Members / Subscribers
Contact
Site

Home  |  Problem  |  Solutions  |  Content

Get Started  |  About  |  Contact  |  News / Blog

  • Wix Facebook page
  • Wix Twitter page
  • LinkedIn App Icon
  • Wix Google+ page

dMeetings does not provide medical advice, diagnosis or treatment. Use of this website constitutes acceptance of dMeetings.com Terms and Conditions of Use. Privacy Policy.

dMeetings may revise and update these Terms and Conditions of Use or Privacy Policy at any time without notice, in its sole discretion.

Your continued usage of this website will mean you accept those changes.

© 2014 - 2019, dMeetings. All rights reserved.

Website by Impact Marketing Solutions

  • Brad Bellingrath

Interview: McKell Drury, Utah Department of Health

Updated: Sep 6, 2019

July 30, 2019


Interviewee:


McKell Drury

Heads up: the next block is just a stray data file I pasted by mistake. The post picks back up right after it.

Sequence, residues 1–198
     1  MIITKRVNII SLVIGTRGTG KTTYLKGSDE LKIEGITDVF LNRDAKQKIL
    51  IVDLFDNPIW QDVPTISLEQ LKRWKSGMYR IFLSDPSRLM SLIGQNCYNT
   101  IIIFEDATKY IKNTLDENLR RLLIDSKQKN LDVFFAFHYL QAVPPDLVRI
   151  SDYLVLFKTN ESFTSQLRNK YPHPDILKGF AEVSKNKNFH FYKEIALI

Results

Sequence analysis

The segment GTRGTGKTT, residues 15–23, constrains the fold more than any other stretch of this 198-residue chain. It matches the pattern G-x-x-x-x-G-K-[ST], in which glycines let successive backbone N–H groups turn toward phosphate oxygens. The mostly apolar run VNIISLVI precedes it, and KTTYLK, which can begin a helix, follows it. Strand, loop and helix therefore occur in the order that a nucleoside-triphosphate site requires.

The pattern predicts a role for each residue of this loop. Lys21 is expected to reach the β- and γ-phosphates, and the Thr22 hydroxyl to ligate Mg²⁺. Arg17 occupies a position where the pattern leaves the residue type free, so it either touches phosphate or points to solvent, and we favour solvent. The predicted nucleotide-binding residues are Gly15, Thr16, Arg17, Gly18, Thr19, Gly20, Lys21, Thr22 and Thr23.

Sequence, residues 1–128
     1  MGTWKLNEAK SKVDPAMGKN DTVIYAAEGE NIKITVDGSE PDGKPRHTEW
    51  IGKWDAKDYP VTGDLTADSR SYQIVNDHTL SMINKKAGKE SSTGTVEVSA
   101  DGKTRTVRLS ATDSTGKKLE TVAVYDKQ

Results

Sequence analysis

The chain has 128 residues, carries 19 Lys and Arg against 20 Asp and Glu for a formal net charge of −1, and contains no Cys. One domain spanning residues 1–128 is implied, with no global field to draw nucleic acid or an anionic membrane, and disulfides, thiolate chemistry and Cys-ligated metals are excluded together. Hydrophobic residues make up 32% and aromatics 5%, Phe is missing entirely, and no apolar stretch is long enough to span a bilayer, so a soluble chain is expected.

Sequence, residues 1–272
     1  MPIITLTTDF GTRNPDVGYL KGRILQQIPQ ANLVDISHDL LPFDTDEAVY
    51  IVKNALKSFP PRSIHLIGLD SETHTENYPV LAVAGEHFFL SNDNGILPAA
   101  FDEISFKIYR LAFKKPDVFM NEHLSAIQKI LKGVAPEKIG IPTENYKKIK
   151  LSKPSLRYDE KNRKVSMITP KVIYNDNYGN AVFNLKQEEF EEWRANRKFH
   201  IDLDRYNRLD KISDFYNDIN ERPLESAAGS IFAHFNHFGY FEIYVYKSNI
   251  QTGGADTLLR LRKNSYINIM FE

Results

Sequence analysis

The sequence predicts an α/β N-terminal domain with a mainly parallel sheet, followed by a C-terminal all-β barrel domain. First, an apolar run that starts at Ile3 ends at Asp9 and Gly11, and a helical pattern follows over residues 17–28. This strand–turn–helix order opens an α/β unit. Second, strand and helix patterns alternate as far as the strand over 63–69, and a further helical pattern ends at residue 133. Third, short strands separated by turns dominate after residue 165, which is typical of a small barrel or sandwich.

Community Clinical Linkages Coordinator

Healthy Living through EPICC Program at Utah Department of Health

State: Utah (UT)



In efforts to communicate how federal and state government organizations continue helping those living with diabetes, I’ve had the pleasure of speaking with several department of health executives nationwide. I caught up with Utah Department of Health’s Community Clinical Linkages Coordinator of their Healthy Living Through the Environment, Policy, and Improved Clinical Care Program, also known as EPICC, to learn more about them soon launching online diabetes education statewide. She was eager to share about how online DSMES will help change Utah’s diabetes trajectory and truly benefit its certified diabetes educators and their patients.



Ravyn Towns: How new will this pilot be for Utah Department of Health?


McKell Drury: This is VERY new to us and we are eager to present this pilot to our certified diabetes educators and their patients!


RT: When will the pilot begin and how many locations are you deploying to?


MD: This pilot will officially begin in the fall and we will deploy it to three locations. We are REALLY excited to offer this; we’re always hearing from or diabetes population that they need programming to combat a lack of time and lack of accessibility. We’re really hopeful and confident that dMeetings is that “little something MORE” for our certified diabetes educators and patients.


RT: What are the programs you’re rolling it out to?